Systems Thinking

Nov. 27, 2016

One cannot have a discussion about ecology or the environment without including systems thinking. Ecosystems are central to the study of ecology. Contrasting with analytic thinking that separates and examines parts deductively, systems thinking shifts the focus to relationships, interactions, patterns and linkages of the parts of whole systems.

A cell is a tiny life system. Each organelle within a cell has a specialized function that contributes to the overall health and vitality of the cell. Our bodies are a collection of systems. These systems allow exchange of materials with the environment and movement of material to and from the body’s cells. Each cell is dependent on the circulatory system for transportation of materials, the respiratory system for exchange of carbon dioxide and oxygen, the digestive system for breaking down food into usable nutrients and the excretory system for removal of metabolic wastes. Cells contain organelles that mirror similar functions and similar processes occur in ecosystems. Living systems also depend on the abiotic resources that earth cycles make available. For example, plants and photosynthetic algae in the oceans provide the oxygen we need to live. We are dependent upon these organisms for our very existence. Biotic systems depend upon the quality of these resources such as air, water, nutrients etc. For a quality living environment, each system and parts of the system must function in balance. A fancy biological term for this is homeostasis. And, of course, all of this is driven by the earth/sun system. The electromagnetic radiation from the sun is the source of energy for all life. Systems, nestled in systems within systems. And there are patterns shared from system to system. There is an ancient Hermetic maxim that reflects this nestling of systems. As above, so below. Ecosystems are system archetypes. Systems thinking certainly applies beyond cells, organisms and ecosystems. This type of thinking can apply to any system from cyber systems to social systems.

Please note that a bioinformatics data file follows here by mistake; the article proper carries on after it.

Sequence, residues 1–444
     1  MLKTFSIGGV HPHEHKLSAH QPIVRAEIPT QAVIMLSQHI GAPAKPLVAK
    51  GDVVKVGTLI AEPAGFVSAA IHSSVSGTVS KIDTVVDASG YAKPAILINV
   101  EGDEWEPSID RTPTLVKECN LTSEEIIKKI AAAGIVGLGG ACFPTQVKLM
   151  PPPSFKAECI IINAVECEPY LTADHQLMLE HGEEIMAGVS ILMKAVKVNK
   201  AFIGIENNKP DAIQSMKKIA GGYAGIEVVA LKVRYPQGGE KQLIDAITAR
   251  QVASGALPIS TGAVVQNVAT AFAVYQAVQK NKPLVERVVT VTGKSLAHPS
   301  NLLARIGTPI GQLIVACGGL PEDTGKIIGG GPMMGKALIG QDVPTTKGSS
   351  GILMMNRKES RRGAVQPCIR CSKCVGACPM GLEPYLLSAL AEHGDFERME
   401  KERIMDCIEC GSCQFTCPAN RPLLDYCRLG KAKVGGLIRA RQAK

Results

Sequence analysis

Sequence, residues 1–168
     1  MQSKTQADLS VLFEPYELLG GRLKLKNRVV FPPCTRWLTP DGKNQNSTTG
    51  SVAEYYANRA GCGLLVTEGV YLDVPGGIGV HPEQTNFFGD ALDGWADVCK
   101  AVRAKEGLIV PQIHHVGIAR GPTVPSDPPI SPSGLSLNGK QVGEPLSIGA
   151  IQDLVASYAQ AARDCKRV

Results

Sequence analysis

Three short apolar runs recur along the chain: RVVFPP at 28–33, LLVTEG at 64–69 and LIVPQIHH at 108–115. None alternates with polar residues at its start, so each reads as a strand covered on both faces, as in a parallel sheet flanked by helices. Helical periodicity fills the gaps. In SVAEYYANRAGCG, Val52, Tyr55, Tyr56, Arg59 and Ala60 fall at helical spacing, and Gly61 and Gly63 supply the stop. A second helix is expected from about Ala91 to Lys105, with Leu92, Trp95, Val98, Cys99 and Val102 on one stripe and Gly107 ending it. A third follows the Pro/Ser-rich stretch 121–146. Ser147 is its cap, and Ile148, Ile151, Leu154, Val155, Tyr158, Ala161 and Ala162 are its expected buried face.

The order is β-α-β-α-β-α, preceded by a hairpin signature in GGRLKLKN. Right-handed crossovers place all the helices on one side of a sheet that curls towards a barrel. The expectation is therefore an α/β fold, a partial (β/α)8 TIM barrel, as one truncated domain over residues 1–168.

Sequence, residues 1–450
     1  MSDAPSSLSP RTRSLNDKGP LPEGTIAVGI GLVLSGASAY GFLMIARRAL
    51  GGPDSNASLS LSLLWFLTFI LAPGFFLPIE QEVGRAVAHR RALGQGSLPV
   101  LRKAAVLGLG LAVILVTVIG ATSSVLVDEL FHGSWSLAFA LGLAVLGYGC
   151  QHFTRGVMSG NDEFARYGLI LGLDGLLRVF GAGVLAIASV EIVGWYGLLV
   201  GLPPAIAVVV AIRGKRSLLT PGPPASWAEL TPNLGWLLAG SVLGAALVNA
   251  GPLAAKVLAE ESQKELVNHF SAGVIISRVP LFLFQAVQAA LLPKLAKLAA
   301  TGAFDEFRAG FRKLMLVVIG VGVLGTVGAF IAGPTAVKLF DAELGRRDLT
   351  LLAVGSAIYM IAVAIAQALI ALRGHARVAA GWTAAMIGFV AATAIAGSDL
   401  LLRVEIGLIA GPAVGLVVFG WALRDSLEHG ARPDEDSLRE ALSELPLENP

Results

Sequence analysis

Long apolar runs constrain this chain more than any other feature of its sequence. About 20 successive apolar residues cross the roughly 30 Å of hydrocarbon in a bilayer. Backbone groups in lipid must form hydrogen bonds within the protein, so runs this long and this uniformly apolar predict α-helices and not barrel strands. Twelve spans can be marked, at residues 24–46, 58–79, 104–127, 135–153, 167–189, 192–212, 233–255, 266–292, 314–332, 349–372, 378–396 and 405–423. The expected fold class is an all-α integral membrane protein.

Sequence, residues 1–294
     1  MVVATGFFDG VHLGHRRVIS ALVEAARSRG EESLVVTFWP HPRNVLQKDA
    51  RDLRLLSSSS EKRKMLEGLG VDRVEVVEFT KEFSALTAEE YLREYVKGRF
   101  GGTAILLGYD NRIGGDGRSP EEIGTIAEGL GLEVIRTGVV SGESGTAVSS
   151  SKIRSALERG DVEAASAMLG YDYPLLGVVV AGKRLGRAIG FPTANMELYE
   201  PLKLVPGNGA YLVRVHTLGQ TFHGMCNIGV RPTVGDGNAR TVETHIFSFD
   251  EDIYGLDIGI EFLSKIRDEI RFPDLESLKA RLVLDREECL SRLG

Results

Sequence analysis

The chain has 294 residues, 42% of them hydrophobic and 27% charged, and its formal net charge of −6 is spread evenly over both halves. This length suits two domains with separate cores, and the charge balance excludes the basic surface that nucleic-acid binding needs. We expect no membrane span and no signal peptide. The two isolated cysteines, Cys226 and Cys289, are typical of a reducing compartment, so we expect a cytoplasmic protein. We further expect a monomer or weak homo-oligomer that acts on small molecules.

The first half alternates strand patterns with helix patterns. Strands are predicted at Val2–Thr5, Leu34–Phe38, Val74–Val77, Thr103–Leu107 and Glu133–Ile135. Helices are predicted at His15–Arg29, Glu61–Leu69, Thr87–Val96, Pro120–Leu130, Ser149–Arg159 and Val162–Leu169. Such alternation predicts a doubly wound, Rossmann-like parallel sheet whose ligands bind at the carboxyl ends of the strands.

Since the Enlightenment, reductionist, analytic logic has been a driving force in our society and has wrought great technological advancement. But this reductionist lens has narrowed into a binary sort of thinking- an either/or; black/white paradigm with no middle ground or concern for the gray areas or relationships between. Our cultural norm tends towards hierarchal thinking. Thinking framed by dogmatic ideology is static and does not reflect the dynamic, changing reality of the nature of the world. I feel this kind of thinking has led to the polarization of our political and social lives. It does not follow the model pattern or archetype of holistic, natural systems, which is relational and inclusive.

Thinking in parts rather than wholes affects our approach to problem solving. For example, cancer is the result of cellular systems gone awry. The protocol for cancer is to poison the cancerous cells with chemicals and radiation or to surgically remove them. This affects other systems causing imbalances within healthy cells and body systems. The actual cause of cells mutating is rarely addressed so we don’t get to the root of the problem. If there is an insect problem with our crops, we apply pesticides, poisoning the insects for a quick and efficient fix. This neglects the whole system, the soil, the watershed, the organisms that consume the insects or the crops. Why are there too many insects and can a predator organism be introduced to consume the pests. The use of DDT in the past reduced insect problems, but also affected other organisms. For example, the American eagle became an endangered species due to its use. There have also been ecological problems related to introduction of a species that does not belong in an area such as the issue in Australia when rabbits overran the system. There are also problems related to removing a species from an ecosystem such as the extermination of wolves in the lower 48 states. Removing predators allowed deer populations to overrun their habitat and over time the deer populations were diminished. It is difficult to separate a problem from all the other factors in the system. Nothing in nature is isolated, everything lives in relation and interaction with other parts, other systems. The behavior of whole systems is greater than and unpredictable from the behavior and sum of the constituent parts when viewed separately.

Standing in contrast to reductionist thinking, systems thinking sets out to view systems in a holistic manner. Consistent with systems philosophy, systems thinking concerns an understanding of a system by examining the linkages and interactions between the elements that comprise the whole of the system. Systems thinking is contextual and concerns the big picture, connectivity, integration, pattern-seeking and relationships. 

"The time honored scientific approach of reductionism-- taking the watch apart to see how it worked--didn't get you anywhere with complex systems, because the interesting behavior seemed to arise from the spontaneous interaction of the components"  Michael Crichton